Here’s Why Nevada Is Holding Two Dueling GOP Primaries Next Week—As Trump Keeps Saying He’s Already Won


The third GOP presidential nominating contest is set to take place in Nevada next week—but the election is largely a wash as former President Donald Trump and former South Carolina Gov. Nikki Haley won’t directly compete, under a new law that effectively split the state’s primary and caucuses into two separate events on different days.

Key Facts

Haley’s name will appear on the primary ballot on Feb. 6, and Trump will run in the state caucuses on Feb. 8.

Both are the only major candidates still in the race who will appear on the ballots, but the state’s 26 delegates will only be awarded to the caucus winner—all-but-certain to be Trump, who has repeatedly declared he has already won the state.

The split contests are the result of a 2021 law passed by the Democrat-controlled state legislature requiring each party to hold a primary, instead of what lawmakers argued is a more complicated caucus process in which voters appear in-person to publicly back candidates.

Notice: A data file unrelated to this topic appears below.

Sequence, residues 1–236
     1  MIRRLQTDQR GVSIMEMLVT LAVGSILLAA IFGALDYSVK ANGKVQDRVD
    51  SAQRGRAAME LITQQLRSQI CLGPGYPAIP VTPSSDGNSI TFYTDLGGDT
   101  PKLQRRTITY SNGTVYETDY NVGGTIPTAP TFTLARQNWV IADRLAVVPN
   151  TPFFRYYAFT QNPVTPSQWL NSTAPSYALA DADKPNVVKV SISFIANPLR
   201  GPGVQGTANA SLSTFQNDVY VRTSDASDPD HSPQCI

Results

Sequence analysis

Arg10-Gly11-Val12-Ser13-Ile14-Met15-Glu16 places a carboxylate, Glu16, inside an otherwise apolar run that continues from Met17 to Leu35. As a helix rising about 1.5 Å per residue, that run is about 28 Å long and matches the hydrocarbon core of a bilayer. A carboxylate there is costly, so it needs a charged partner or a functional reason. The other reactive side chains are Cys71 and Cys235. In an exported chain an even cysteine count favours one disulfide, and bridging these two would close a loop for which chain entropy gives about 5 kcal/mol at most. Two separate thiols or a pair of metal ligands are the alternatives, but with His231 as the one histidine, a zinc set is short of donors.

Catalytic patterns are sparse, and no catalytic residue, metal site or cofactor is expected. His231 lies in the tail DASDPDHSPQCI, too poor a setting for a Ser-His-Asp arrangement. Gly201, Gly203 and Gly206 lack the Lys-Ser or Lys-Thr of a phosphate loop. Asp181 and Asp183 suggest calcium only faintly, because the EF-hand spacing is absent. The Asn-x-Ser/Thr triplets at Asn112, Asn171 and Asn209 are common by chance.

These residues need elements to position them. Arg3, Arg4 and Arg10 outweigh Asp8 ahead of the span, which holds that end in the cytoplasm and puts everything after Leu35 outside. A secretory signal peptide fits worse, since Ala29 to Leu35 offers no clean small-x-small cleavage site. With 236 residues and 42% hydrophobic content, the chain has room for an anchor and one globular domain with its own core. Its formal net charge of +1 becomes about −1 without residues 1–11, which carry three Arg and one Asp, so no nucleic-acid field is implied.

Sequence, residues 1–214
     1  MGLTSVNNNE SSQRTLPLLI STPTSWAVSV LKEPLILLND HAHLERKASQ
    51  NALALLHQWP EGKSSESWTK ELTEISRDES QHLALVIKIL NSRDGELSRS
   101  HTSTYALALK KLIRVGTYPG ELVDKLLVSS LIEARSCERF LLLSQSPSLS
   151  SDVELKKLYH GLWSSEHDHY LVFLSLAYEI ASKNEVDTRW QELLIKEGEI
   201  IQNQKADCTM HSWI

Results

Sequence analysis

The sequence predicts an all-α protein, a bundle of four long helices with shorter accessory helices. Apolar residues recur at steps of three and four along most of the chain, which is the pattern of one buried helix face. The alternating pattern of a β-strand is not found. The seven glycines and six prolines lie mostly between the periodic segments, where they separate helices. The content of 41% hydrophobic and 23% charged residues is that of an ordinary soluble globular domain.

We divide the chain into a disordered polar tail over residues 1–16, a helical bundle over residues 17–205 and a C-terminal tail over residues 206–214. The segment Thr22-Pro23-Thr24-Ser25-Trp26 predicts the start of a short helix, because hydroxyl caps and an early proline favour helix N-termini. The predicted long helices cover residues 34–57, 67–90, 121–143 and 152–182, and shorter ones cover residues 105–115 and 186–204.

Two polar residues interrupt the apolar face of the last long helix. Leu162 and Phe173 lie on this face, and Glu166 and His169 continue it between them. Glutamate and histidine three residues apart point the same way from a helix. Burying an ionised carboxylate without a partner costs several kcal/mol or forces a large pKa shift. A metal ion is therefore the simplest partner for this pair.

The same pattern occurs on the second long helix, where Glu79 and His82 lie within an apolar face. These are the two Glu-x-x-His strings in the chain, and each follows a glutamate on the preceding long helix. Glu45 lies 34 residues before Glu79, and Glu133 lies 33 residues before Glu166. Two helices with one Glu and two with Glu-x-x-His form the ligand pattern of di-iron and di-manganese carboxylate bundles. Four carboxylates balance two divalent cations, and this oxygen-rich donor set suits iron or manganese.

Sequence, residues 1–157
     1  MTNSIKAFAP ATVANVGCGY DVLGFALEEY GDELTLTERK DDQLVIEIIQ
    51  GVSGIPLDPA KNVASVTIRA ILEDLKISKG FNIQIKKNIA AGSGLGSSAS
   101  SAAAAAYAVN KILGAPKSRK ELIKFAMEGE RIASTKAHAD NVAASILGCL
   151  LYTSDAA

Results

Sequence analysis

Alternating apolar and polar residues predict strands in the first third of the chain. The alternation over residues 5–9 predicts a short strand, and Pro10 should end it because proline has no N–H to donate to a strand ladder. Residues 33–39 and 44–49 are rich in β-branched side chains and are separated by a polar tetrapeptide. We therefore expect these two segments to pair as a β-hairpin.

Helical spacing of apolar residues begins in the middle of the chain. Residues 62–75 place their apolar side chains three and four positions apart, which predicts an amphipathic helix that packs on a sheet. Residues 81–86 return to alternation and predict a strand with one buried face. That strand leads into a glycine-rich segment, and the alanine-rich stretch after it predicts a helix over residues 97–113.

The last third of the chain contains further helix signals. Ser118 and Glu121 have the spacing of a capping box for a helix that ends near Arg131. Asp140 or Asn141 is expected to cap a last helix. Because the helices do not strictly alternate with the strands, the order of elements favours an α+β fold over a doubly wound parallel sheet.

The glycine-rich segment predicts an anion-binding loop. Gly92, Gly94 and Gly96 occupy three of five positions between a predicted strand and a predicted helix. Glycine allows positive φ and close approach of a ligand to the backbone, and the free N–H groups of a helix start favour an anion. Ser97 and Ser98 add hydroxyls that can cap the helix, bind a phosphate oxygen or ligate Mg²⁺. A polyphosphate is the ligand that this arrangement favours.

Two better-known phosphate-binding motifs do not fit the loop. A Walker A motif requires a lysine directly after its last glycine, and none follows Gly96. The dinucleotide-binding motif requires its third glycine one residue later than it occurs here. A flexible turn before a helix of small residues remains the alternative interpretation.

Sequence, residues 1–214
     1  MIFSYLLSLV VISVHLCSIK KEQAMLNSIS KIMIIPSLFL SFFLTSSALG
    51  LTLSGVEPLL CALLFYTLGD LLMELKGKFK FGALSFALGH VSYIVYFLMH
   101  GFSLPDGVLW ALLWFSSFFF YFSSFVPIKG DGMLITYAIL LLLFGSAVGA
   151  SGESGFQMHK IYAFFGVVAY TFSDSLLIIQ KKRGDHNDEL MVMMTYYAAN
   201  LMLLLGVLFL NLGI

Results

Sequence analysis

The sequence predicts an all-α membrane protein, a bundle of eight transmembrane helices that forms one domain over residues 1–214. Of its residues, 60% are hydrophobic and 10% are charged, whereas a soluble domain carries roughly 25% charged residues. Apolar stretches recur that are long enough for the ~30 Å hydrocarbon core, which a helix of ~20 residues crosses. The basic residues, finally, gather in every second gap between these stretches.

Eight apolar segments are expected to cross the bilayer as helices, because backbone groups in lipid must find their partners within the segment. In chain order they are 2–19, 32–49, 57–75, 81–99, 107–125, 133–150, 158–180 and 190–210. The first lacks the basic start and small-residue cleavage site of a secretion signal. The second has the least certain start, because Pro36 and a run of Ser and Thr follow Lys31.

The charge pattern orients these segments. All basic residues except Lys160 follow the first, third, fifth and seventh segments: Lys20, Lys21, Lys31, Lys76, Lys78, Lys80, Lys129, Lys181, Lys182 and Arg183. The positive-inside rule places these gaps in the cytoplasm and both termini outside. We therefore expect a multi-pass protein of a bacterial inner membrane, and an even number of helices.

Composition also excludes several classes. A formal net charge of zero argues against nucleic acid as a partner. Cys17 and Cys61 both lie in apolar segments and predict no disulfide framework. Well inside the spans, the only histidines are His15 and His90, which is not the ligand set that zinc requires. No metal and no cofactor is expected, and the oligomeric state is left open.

The state’s Republican Party opposed the decision, opting to continue holding caucuses, barring delegates from being awarded in the primary and prohibiting candidates who compete in the primary from participating in the caucuses.

Sticking with the caucuses was largely viewed as a move by the state GOP to help Trump’s performance in the state, as critics of the decision argue his fervent base of supporters are more likely to turn out for the in-person caucus events, giving him an advantage over other candidates.

Haley, who is likely to win the primary despite its insignificance in obtaining delegates, told the Wall Street Journal in November that the caucus process “just looked confusing in Nevada” when asked why she opted to participate in the primary instead—she has also focused her campaign nationally on winning over more moderate voters who aren’t fervent Trump backers.

Key Background